Saturday, 1 August 2015

The Ocean Floor Is Like Our Lungs We Can Not See

The oarfish washed in Antique, Panay Island Philippines Photo by Nickson Calawag
I am writing about what my fellow Ilonggo Rock Drilon has posted on facebook about a deep water sea fish called Oarfish washed the second time in nearby province of Antique which is beside my hometown Iloilo. It is a rarity, even in many parts of the world, oarfishes are washed on shoreline.  

Why this oarfish surfaced on the beach, I have some probable reasons why.

1. The quality of land will affect the quality of the sea especially the ocean floor—the bed rock of our garbage and pollutants. Human recklessness to nature invades the unseen. Contaminants can harm any living creature.
Plastic mistaken as food, suffocates them and they die

The so called Great Pacific Garbage Patch -an accummulation of non-biodagradable plastics from all over the world can kill all  the animals on the ocean floor with irreversible effects.

MATERIAL GREEDINESS. What if all of us citizens of the world sort our garbage than these kids will do the job for us?

2.  The ocean floor is the barometer of our geological conditions including
tremors and earthquakes. Nature itself can tell what is next to happen, like frogs croaking for the rain to come. Oarfishes in Japan indicate there will be a forthcoming earthquake.

    3, Climate change. It has been a fact that because of global warming, sea creatures are confused in which some fishes find themselves alienated to the ocean conditions and migrate to where it is not their geographical abode. , ex. Tropical Lion fishes living only in Indo-Pacific Ocean have migrated to the  Western Atlantic, Caribbean, and Gulf of Mexico. It is something a mystery to scientists until today.     

4. Man inflicting injury on sea creatures with materials things including broken fish nets and ropes. I assume looking at the picture the oar fish is highly battered with physical injuries and its head gone. Oarfishes are deep ocean fish and swims slowly ( due to its length and heavy weight) and can be carried by under currents and washed to shallow waters. Global warming is also on the ocean floor where nature can take its toll without us detecting it. Animals there can.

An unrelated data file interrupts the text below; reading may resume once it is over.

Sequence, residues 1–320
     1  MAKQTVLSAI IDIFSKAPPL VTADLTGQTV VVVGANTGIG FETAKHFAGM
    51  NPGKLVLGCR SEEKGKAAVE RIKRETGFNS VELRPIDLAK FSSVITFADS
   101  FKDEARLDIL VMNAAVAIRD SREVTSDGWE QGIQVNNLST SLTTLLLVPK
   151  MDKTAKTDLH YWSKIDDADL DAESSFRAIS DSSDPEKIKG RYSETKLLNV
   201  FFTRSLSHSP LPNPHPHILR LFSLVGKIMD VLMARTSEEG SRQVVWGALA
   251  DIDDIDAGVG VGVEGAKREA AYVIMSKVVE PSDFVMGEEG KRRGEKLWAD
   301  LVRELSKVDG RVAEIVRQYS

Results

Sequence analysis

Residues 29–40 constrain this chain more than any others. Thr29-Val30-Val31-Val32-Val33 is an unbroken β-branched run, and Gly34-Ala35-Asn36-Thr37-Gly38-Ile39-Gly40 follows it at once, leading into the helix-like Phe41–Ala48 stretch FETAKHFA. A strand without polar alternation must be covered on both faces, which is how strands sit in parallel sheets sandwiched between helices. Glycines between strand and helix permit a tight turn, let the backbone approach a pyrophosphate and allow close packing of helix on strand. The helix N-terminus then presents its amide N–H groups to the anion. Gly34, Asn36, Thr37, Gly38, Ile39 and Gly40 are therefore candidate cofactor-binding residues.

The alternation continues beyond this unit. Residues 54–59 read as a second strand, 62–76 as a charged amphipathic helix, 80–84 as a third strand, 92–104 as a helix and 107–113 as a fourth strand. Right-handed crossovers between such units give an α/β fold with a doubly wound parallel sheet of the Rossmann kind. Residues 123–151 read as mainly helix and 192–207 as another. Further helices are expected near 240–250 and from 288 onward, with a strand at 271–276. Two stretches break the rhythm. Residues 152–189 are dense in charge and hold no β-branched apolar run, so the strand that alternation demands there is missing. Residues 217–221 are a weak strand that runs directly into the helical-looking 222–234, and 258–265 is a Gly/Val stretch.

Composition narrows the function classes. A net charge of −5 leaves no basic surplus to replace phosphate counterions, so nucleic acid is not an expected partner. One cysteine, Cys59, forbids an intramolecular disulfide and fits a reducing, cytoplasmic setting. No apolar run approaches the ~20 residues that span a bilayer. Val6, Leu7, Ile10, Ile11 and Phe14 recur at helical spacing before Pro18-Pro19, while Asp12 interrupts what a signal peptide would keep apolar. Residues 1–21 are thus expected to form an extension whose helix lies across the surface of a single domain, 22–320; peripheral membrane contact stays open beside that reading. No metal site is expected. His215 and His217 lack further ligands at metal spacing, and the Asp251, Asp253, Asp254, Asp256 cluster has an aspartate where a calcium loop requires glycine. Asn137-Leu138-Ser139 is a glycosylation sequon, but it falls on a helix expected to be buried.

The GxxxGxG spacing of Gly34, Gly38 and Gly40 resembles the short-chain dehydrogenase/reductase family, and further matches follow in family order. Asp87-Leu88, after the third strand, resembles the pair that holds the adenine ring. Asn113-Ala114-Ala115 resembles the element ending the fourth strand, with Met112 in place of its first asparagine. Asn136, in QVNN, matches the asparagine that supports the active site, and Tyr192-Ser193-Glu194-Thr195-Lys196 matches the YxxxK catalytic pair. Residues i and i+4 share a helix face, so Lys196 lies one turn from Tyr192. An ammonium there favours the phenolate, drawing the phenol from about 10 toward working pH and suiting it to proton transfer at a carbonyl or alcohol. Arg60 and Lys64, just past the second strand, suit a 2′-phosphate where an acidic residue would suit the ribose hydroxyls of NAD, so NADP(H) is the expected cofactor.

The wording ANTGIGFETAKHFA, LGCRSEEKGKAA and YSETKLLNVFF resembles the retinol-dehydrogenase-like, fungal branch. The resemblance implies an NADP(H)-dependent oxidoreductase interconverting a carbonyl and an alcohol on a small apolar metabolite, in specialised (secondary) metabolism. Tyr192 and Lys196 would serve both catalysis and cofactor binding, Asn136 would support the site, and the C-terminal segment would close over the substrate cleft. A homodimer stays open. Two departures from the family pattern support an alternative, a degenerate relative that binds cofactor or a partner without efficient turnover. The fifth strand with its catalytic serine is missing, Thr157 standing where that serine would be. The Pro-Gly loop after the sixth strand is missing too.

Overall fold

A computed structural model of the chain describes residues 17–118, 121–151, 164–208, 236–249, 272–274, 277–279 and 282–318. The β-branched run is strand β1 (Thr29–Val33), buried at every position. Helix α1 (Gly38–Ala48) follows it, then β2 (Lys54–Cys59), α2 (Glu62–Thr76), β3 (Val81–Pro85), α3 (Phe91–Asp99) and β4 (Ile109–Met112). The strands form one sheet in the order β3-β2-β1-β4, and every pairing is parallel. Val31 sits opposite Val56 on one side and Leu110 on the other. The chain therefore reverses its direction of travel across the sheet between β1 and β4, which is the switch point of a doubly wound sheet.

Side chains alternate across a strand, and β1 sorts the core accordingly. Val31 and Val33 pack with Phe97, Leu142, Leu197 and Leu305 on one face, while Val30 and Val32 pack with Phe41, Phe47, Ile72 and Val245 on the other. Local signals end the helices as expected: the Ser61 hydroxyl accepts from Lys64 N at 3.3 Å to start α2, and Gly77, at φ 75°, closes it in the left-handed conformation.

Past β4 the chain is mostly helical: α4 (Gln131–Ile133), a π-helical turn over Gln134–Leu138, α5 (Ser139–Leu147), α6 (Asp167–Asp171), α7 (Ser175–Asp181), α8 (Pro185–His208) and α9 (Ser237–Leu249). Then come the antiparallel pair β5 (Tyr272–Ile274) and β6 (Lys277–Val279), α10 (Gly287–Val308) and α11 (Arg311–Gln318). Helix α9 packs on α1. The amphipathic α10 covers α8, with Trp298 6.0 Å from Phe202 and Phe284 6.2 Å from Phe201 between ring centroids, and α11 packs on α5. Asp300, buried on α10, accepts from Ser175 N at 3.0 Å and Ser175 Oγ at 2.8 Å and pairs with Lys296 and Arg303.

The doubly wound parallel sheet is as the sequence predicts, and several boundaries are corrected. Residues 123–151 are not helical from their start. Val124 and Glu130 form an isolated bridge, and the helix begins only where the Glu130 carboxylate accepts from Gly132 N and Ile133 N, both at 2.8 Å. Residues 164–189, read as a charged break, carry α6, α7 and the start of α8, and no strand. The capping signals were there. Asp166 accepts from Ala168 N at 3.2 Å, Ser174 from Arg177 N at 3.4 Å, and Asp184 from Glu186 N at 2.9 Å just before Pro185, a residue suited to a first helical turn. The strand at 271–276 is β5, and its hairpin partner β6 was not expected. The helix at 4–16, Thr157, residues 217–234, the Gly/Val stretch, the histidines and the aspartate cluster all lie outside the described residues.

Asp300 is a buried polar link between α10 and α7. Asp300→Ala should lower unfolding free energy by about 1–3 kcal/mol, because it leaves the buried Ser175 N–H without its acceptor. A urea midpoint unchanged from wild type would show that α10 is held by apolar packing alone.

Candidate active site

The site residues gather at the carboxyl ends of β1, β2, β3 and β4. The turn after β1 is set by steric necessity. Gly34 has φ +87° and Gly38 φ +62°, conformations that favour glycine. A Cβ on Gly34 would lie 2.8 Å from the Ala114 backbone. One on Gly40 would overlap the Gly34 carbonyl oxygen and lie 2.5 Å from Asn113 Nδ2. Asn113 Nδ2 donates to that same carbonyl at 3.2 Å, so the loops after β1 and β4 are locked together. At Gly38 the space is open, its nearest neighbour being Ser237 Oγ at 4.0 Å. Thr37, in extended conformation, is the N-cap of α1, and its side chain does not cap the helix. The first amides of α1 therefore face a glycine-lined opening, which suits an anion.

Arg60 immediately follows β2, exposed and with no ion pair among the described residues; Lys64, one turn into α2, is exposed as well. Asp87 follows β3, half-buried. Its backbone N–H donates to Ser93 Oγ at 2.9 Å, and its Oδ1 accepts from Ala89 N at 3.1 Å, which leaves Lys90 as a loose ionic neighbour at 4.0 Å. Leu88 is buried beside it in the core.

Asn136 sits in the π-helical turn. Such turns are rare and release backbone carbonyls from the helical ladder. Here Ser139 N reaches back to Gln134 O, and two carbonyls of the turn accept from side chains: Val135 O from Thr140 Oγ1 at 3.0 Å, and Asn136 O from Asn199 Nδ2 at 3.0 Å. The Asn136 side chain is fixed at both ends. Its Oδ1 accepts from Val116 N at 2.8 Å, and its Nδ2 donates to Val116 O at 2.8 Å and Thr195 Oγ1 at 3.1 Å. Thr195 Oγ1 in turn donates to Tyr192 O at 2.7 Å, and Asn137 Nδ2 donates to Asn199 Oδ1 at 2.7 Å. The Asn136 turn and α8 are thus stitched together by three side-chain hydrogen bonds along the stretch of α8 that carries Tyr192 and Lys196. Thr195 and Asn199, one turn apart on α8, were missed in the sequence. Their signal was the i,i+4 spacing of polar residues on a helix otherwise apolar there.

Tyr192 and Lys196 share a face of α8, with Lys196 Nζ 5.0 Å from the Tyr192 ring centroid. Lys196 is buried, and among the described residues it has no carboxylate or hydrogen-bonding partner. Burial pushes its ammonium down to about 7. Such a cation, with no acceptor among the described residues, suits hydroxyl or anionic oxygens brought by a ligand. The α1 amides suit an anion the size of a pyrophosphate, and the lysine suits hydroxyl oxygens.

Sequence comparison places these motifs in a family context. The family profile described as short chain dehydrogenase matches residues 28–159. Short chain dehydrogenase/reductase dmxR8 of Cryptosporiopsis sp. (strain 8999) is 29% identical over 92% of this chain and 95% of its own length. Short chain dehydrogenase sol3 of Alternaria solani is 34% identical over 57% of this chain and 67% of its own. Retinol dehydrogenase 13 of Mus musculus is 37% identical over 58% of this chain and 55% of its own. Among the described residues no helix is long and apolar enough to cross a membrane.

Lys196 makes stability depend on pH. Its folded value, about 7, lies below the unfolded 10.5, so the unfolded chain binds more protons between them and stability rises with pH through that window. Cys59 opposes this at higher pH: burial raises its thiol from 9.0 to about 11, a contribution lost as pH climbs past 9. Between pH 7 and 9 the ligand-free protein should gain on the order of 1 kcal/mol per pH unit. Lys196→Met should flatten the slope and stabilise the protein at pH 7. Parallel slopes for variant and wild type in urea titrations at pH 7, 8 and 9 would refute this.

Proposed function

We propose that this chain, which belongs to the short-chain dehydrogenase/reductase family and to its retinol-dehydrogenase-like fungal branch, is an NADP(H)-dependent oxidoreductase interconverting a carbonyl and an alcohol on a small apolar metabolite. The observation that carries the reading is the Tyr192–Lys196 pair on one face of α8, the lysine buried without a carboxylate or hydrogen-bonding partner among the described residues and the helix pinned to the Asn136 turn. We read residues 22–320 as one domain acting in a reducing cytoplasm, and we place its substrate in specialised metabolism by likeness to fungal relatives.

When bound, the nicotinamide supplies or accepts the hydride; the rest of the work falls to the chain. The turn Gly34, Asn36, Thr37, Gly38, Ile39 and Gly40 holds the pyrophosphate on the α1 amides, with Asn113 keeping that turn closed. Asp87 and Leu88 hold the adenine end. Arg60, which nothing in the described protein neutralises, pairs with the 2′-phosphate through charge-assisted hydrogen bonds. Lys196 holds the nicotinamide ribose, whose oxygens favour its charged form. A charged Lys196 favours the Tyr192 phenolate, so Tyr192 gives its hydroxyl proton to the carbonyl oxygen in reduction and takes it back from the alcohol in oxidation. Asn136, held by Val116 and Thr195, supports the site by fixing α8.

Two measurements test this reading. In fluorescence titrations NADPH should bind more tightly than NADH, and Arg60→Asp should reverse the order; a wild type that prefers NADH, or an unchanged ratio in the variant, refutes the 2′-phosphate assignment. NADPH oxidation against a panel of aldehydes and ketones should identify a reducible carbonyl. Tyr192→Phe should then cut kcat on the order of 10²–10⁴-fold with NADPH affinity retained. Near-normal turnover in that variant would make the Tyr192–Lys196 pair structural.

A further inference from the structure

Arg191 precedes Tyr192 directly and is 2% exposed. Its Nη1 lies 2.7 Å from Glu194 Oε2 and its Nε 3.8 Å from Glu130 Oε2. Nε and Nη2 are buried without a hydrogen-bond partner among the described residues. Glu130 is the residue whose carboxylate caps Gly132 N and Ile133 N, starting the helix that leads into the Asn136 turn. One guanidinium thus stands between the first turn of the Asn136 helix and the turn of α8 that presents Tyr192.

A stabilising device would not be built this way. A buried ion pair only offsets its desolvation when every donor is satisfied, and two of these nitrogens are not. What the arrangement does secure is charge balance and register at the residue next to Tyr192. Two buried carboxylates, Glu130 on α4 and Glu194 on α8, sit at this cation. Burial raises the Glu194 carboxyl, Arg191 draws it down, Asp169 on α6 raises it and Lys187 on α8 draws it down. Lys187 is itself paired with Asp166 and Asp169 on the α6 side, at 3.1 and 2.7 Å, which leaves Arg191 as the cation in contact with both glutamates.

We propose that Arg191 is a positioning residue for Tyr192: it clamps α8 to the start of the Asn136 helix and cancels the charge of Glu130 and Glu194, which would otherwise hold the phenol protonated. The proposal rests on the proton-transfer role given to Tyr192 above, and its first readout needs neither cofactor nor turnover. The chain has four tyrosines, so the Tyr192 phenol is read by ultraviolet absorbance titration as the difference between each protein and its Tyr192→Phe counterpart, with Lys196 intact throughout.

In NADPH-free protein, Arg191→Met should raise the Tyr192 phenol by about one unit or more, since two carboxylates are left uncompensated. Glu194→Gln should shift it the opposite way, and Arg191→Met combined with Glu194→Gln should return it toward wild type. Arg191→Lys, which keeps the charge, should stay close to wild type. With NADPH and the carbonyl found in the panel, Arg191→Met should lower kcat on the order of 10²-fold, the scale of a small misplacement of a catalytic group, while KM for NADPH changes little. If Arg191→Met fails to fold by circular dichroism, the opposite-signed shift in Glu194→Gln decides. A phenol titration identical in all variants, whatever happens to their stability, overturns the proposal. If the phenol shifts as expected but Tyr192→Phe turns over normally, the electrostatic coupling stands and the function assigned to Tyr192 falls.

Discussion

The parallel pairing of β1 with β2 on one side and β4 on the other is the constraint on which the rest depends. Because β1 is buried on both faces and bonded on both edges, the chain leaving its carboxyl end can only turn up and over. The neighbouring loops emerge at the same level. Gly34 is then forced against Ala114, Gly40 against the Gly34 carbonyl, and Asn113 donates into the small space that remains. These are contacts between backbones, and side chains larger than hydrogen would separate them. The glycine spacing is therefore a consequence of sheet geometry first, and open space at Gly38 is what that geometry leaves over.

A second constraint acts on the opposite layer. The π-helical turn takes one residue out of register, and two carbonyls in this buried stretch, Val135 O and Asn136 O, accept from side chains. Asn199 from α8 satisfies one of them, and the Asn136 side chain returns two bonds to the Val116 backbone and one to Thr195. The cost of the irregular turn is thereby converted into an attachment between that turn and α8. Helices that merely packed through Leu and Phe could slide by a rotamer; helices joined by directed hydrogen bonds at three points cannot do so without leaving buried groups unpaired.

Scientists may have to trace where the Antique oarfish came from, ex., from which sea? Japan? South China Sea? 

Possible causes this fish was washed to the shore:
(1)      The Simirara Island mining in Antique may have its chemical pollutants in the ocean floor as well and it affected it. It has its huge problems in environmental compliances in many years as news reported it.
The ocean floor is like our hands we can see from the outside but what is really happening inside we may not know.

(2)      This fish was most likely  trapped in a strong broken fish net in the ocean floor ( as they are deep sea creatures) and or ate plastic garbage, it died, and washed away. (SEE MY COMPILED PICTURES).

Broken fishnet traps the animal forever

Clear plastic are mistaken as jelly fishes and some fish will eat them to their death, 
(3)      Old age ( perhaps battered by ocean floor movements ex, tetonic plates, so it died).Ex, we had recent earthquakes and tremors in the country and abroad.

(4)      Seeking for food that is no longer there in the ocean. Oarfishes actually just eat small crustaceans. So when we deplete them, or any other fishes,  with their food it is because we abuse the food cycle of marine creatures by over fishing what could have been food for them.
If men were to eat plastic as well?

It is a principle in environmental science that WHAT WE  SEE IS ONLY ON LAND, BUT WE DO NOT SEE IS UNDERNEATH THE OCEAN. This is the most dangerous lesson man should learn from  our abuses on land, that our ocean bed is the catch basin of all of pollutants and plastic garbage.

Ergo, all cities in the Philippines being a coastal country, including Iloilo City which has mounds of unsorted garbage including plastics should create awareness and implement zero dangerous wastes dumped on land and may eventually end up to the ocean.

 If one visit the areas near Sooc, Arevalo it is full of plastic scattered all over the place and rice fields. Sooc connects to Iloilo River and up until the Iloilo Straight (between Guimaras and Panay Islands) on to the sea and on to the ocean. Nature is not confined. It is an eco-system like our human body. Got a tootache? Your entire body can not function as well. 

I work as a volunteer in Sooc and created a project there called Project Zero to upcycle used tarps and plastics in the city. Yet the entire Iloilo City and others in Panay except Boracay Island do not segregate its garbage yet. Let us not wait until the super cities in the old Iloilo airport rises to fill up our garbage bins with yet unsorted garbage.